"Hungry?" Lucania asked.

"Always," Gunny said.  "Thirsty too.  Is there tea left in that pot?"

"More's on the way.  And we need to keep this short.  I'm expecting more company soon and you probably don't want to be here when they arrive."

A waiter appeared with a fresh pot of tea and extra condiments.  Lucania seemed to be enjoying some sort of fried rice combination and a couple of egg rolls, but he still wasn't smiling.  If anything, he seemed tenser than the last time Gunny had seen him.  Gunny hoped his news would lighten the mood a bit.

"So, what is it with you?" Gunny asked, dropping hot mustard on his food.  "You related to Johnny Cash or something?"

"It's a style thing," Lucania said.  "When you dance with the devil, you ought to dress appropriately."

After a moment of industrious chewing, Gunny cleared his mouth and continued.  "Well, if you can hold out just a little while longer, I think we can get you off the dance floor."

Lucania's eyes narrowed.  "You're not going to blow my cover."

"Look, Lorenzo, don't get to worrying, man," Gunny said, pouring more tea.  "We won't jeopardize you, or your mission.  But we will get you in out of the cold."

"It ain't that easy."

"Don't have to be easy," Gunny said.  "You've got Paul Gorman in your corner now.  When he gets involved with things, problems tend to get up and get out of the way."

"Really?"  Lucania used an egg roll to push food into an orderly circle on his plate.  "Your boss Gorman going to talk to the president for me?"

"Probably just your boss, Vic Warner."

Lucania shook his head, his black hair falling over his forehead.  "Not destined to be a pleasant visit.  You don't know Warner.  He bites the heads off nails."

"Should be an interesting meeting," Gunny said with a chuckle.  "Gorman eats nails and spits razor wire."

"I know my share of bad dudes," Lucania said.  "I've seen in your eyes, and I can see that you're the real thing.  But what about this Gorman.  Is he bad?"

Gunny leaned back, chewing thoughtfully.  "Bad?  Nah, Paul ain't bad.  But you know, the bad don't mess with him."

Lorenzo Lucania took a deep breath and stared down at the table with his lips clenched together.  Then he looked up into Gunny's eyes.  His face softened and for a brief moment all the conflict in his soul leaked out.

"I'm in a box here, Gunny," he said in a low, guttural voice.  "I can't squirm any farther.  I got no wiggle room here.  I've done some bad things in this job, but now I'm at the precipice looking down.  If I cross that line, then I'm not pretending any longer.  I'll be one of them."  Then his face returned to is usual hard lines.

Gunny leaned forward.  "Hang on, man.  Remember, it's about honor and loyalty, just like in the corps."

"Sure," Lucania said, "but loyalty to who?  The guy who put me out on that line?  Or the guy who's taking care of me now?"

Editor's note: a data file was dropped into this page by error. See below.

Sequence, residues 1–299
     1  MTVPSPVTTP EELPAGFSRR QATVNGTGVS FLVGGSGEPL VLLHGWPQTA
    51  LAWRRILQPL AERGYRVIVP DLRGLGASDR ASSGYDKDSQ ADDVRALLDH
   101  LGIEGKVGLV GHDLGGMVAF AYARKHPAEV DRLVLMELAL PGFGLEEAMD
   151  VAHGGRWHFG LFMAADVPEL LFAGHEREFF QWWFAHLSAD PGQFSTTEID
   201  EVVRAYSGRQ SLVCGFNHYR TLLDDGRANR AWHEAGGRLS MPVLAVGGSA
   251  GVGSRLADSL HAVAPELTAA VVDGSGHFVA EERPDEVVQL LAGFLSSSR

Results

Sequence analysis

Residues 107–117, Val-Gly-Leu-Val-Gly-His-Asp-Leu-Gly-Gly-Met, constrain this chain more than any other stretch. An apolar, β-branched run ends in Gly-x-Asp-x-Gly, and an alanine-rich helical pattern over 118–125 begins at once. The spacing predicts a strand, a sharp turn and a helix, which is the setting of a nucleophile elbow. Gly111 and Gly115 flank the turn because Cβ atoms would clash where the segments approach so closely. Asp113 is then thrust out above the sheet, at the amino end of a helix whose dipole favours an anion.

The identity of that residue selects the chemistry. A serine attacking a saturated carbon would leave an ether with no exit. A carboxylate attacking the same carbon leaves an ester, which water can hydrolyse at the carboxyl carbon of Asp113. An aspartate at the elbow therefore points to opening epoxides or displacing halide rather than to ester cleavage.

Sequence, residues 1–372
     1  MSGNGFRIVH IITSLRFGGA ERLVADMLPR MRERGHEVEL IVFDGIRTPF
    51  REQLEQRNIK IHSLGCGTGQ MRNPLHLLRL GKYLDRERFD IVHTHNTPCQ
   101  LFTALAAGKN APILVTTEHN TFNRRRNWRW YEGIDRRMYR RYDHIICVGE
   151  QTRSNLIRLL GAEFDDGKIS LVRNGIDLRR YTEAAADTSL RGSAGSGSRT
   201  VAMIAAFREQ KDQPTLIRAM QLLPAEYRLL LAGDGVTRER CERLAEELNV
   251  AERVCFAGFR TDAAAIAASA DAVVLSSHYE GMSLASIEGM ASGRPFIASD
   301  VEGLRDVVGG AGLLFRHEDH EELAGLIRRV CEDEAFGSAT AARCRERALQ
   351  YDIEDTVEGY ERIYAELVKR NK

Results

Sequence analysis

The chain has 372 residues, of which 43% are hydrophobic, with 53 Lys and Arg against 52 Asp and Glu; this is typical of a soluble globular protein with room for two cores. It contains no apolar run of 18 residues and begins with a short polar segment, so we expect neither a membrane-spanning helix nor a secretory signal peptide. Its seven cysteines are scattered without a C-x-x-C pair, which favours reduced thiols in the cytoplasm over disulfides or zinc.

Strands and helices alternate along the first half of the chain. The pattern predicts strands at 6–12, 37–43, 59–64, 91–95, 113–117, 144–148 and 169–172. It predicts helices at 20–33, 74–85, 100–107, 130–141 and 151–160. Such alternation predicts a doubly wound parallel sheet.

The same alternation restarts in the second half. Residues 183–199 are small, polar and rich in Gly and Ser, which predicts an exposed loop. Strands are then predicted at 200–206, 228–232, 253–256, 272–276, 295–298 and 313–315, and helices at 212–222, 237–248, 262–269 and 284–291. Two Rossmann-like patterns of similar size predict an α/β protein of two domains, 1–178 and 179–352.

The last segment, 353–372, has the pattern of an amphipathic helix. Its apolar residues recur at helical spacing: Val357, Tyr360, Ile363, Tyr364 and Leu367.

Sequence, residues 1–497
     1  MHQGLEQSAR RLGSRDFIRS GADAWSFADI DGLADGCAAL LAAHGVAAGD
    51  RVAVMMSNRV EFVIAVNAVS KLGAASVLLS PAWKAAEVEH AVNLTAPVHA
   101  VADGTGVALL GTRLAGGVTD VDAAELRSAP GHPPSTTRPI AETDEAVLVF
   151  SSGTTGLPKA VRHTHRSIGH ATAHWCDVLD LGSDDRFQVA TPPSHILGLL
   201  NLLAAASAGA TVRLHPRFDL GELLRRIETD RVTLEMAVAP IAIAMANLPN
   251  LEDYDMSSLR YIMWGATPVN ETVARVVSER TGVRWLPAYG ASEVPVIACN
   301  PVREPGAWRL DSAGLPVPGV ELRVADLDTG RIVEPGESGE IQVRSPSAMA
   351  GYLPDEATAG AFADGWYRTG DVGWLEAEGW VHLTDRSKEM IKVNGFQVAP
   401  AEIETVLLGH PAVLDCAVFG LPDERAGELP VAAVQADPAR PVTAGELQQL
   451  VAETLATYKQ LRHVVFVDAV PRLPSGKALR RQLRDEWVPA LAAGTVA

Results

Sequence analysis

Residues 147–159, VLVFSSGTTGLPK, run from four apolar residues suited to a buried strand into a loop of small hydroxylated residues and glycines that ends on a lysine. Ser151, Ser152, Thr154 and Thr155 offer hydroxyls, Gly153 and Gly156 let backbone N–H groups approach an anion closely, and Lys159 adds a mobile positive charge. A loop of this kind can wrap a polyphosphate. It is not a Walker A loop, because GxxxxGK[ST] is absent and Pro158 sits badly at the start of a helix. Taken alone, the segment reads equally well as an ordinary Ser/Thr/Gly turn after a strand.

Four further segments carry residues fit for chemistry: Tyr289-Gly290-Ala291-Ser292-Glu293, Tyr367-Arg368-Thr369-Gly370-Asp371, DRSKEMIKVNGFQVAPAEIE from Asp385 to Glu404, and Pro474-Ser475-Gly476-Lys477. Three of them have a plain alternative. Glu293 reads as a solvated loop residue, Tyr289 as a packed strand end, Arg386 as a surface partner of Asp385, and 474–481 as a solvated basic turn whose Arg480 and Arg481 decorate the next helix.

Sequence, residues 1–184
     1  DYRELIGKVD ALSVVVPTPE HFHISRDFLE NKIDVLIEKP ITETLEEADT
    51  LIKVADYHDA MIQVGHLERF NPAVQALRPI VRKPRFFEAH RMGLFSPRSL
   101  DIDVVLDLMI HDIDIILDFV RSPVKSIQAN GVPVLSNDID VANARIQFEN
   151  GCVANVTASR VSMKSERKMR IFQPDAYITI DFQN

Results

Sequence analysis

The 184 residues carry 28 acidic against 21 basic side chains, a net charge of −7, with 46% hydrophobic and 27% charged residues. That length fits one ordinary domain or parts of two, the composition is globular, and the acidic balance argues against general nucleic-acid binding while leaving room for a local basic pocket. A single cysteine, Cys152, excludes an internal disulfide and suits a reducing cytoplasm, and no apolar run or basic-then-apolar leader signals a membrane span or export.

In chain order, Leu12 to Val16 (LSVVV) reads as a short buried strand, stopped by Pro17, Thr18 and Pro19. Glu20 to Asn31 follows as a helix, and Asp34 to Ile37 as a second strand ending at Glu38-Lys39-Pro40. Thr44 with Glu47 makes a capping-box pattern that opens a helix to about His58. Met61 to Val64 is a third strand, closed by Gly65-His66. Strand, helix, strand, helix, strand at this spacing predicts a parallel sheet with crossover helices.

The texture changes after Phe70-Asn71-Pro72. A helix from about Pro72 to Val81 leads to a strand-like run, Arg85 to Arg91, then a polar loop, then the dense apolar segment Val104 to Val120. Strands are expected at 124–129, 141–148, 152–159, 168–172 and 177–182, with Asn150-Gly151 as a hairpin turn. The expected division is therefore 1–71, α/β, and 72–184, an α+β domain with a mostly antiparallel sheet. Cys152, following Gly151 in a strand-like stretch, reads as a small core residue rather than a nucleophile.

"Loyalty to the uniform," Gunny said.  He would have gone on, but footsteps behind him made him turn.  Three big men stalked toward them, all wearing dark colored sport coats and business shirts with the collars open.  It was as if they had dressed together that morning.  They walked directly to Lucania's and Gunny's booth.  The biggest man, at the lead, didn't stop until he was almost on top of them.

"Morning, Lorenzo," he said with a Brooklyn twang.  "Who's your friend?"

"This is Gunny, a new fellow I'm thinking about trying out," Lucania said with no evidence of tension.  "Gunny, this here's Mike, Gus on the left there and the other guy's Robbie."

Gunny smiled and turned to offer his hand to Mike, who was an imposing figure.  Gunny was no small man, running close to 250 pounds except during the holidays when cheesecake and sugar cookies pushed his weight a bit higher.  Mike had to be 300 pounds and an inch taller than Gunny's six foot one inch frame, with long wavy black hair hanging onto the back of his collar.  He seized Gunny's hand in a power grip and gave him a broad smile, the way a Doberman pinscher smiles when he meets you.

"Mr. Lucania, he don't need no more help right now," Mike said.

Gunny returned the grasp, and remained calm as he looked up.  "I think that's for him to decide.  Maybe he just wants to have somebody on his payroll with good manners."

"Relax, Mike," Lucania said.

"I am relaxed," Mike said.  He stopped squeezing and started pulling, raising Gunny to his feet.  "I'm just saying our crew is a good size now, Lorenzo.  I got all the muscle you're ever going to need."

"Maybe he just wants to add some brain to that muscle, big man," Gunny said.

"Don't need no Samoan wrestler for that," Mike snapped.  With a grin he pushed Gunny back into the booth.  Gunny sprang to his feet, stepping forward so his nose almost touched Mike's.

"I am not Samoan," Gunny said in low tones.  "I come from the Royal Kingdom of Tonga.  Sicily is probably thirty times as big as all our islands put together, but we seem to have absorbed all the sense they meant to drop in your bigger island."

Lucania said, "Fellows, this is pointless."  Gus and Robbie took a couple of steps back and settled into another booth.  The couple seated across the room stood and slipped out of the room.  The waiter approached from the bar, stopped, and slowly backed away.

"You're really asking for me to kick your big ass, ain't you?" Mike asked. 

Gunny backed off three steps, holding his arms wide and his knees slightly bent.  "Bring it, big boy." is taking advance orders for Beyond Blue now.

Saturday, August 2, 2014

Beyond Blue Excerpt

In order to whet your appetite for my next mystery thriller, Beyond Blue, I have decided to share a few excerpts of the book, pre-release. This one features the agency's leader, Paul Gorman.